Functional Genomics Complements Quantitative Genetics in Identifying Disease-Gene Associations -- Supplementary Materials

Manuscript:
Yuanfang Guan, Cheryl L. Ackert-Bicknell, Braden Kell, Olga G. Troyanskaya , Matthew A. Hibbs. Functional Genomics Complements Quantitative Genetics in Identifying Disease-Gene Associations. PLoS Computational Biology, In press, 2010.

Abstract:
An ultimate goal of genetic research is to understand the connection between genotype and phenotype in order to improve the diagnosis and treatment of diseases. The quantitative genetics field has developed a suite of statistical methods to associate genetic loci with diseases and phenotypes, including quantitative trait loci (QTL) linkage mapping and genome-wide association studies (GWAS). However, each of these approaches have technical and biological shortcomings. For example, the amount of heritable variation explained by GWAS is often surprisingly small and the resolution of many QTL linkage mapping studies is poor. The predictive power and interpretation of QTL and GWAS results are consequently limited. In this study, we propose a complementary approach to quantitative genetics by interrogating the vast amount of high-throughput genomic data in model organisms to functionally associate genes with phenotypes and diseases. Our algorithm combines the genome-wide functional relationship network for the laboratory mouse and a state-of-the-art machine learning method. We demonstrate the superior accuracy of this algorithm through predicting genes associated with each of 1157 diverse phenotype ontology terms. Comparison between our prediction results and a meta-analysis of quantitative genetic studies reveals both overlapping candidates and distinct, accurate predictions uniquely identified by our approach. Focusing on bone mineral density (BMD), a phenotype related to osteoporotic fracture, we experimentally validated two of our novel predictions (not observed in any previous GWAS/QTL studies) and found significant bone density defects for both Timp2 and Abcg8 deficient mice. Our results suggest that the integration of functional genomics data into networks, which itself is informative of protein function and interactions, can successfully be utilized as a complementary approach to quantitative genetics to predict disease risks.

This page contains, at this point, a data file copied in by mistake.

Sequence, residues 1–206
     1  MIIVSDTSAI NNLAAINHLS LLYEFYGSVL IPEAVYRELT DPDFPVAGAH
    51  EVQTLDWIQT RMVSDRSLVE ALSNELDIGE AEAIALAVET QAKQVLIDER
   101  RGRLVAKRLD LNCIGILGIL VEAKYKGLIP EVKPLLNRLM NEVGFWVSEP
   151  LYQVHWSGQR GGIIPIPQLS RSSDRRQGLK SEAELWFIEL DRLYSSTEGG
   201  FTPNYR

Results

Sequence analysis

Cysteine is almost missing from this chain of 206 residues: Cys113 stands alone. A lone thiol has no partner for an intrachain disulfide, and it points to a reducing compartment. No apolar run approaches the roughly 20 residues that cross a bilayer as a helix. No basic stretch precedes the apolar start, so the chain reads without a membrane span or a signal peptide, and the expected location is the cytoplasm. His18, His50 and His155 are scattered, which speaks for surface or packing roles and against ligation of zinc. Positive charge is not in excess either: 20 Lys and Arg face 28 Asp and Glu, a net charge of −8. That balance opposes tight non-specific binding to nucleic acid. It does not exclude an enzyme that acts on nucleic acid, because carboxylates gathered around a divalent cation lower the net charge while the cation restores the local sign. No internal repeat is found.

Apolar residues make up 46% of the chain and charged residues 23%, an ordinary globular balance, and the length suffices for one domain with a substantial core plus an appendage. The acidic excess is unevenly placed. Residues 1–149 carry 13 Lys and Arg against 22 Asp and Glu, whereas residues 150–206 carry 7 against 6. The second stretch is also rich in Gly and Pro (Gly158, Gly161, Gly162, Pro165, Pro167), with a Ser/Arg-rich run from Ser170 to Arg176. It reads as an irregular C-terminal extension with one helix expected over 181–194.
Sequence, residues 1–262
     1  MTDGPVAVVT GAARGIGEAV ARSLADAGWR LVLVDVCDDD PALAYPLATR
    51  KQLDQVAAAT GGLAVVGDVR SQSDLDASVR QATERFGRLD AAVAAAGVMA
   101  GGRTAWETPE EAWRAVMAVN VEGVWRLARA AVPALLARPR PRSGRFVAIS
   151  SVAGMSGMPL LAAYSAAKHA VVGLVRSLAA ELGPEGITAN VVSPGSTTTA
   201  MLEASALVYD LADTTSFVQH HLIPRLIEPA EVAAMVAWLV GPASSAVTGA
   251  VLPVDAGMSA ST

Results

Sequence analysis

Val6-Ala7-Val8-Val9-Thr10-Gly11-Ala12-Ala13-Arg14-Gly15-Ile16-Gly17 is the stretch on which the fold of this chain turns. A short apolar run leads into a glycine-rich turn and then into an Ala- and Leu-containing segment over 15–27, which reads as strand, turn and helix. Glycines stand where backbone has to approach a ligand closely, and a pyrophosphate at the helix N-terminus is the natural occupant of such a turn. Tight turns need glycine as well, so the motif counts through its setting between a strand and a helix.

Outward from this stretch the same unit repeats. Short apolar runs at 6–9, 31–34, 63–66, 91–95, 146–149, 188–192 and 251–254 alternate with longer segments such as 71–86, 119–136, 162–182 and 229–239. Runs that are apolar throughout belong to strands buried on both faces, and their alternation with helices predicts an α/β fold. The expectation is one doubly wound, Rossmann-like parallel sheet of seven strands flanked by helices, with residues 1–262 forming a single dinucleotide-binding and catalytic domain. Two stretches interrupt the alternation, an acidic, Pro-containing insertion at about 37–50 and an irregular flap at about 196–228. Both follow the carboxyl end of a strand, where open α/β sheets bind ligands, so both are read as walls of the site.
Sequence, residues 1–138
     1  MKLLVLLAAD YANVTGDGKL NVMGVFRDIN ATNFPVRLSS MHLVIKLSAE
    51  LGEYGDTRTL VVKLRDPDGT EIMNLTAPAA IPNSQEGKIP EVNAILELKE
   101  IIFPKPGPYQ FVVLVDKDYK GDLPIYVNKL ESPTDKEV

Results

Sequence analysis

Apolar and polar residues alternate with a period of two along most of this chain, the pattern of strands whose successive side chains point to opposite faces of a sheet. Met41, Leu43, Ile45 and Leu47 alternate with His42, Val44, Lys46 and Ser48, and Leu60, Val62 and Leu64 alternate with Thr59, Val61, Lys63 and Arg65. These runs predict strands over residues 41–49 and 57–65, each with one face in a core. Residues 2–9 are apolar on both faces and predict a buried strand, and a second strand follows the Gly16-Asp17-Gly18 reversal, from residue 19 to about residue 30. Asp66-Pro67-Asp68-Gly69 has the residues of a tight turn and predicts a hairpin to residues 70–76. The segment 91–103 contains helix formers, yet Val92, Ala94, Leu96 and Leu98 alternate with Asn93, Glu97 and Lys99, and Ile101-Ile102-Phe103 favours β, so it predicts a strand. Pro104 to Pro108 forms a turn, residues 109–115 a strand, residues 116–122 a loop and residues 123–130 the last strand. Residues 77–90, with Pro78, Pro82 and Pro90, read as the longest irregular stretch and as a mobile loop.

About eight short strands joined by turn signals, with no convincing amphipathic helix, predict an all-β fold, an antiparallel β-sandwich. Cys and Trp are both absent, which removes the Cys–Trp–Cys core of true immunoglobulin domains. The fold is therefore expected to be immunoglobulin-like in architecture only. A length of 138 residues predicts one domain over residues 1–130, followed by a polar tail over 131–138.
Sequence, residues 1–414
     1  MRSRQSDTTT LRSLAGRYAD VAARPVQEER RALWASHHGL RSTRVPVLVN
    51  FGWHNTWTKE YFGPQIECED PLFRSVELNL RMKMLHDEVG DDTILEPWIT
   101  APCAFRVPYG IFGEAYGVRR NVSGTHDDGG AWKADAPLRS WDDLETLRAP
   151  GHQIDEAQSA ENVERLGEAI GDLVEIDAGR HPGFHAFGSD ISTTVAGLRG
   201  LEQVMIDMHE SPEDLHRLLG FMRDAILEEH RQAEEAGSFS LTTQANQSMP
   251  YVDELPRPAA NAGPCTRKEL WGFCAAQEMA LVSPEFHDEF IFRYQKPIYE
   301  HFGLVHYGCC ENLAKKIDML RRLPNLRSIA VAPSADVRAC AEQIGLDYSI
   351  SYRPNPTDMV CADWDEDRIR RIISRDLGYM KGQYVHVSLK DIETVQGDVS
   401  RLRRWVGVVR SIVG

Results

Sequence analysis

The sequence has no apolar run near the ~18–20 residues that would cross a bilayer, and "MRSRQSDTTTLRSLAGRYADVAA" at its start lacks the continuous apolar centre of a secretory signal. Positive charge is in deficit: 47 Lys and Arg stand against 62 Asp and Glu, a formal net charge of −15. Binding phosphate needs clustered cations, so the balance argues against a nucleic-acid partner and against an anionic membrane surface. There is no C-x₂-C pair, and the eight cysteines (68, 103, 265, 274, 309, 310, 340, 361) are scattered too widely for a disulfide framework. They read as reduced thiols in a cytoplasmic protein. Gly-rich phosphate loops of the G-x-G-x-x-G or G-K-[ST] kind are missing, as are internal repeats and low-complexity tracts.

Prediction Search Interface


Supplemental Files from Manuscript:

  • Figure S1 - Well defined, high level MP terms were obtained from MGI, which represent a wild sampling of phenotypes. Precisions at different levels of recall were calculated for both the summed weight method (left) and the network-based SVM method (right), where the latter shows significant improvement.
  • Text S1 - Description of methods for integration of diverse data for constructing a functional relationship network
  • Text S2 - Training SVMs on raw data as a baseline for performance evaluation
  • Table S1 - Supporting evidence for top connectors to the candidate genes Timp2 and Abcg8
  • Table S2 - Interaction weights (posteriors) of local networks surrounding Timp2 and Abcg8
  • Table S3 - Top 100 genes predicted for association with 'abnormal bone mineralization'

Additional Data Files:
Prediction Values
For both the SVM method and the summed weight method, we provide the original score and the estimated probabilities. The original score for the SVM method is the median SVM output for all the bootstrap rounds. The original score for the summed weight method is median of the the sum of all links between the gene and all positive examples from the gold standard. The outputs from both the summed weight and SVM methods are on an arbitrary scale, and are consequently not intuitive to understand. To make the value of these outputs more comprehensible, we also provided the probability of being annotated to a phenotype by fitting the output distribution of positive and negative examples with two normal distributions. see manuscript for descriptions.


Evaluation of Predictions


Integrated Functional Networks (formatted as pair-wise posteriors)


Raw Data and Source Code


Results of Survey for Biological Specificity


Acknowledgements
This work was made possible with the financial support of the F.M. Kirby Foundation, The Jackson Laboratory, and the NIH. Thank you.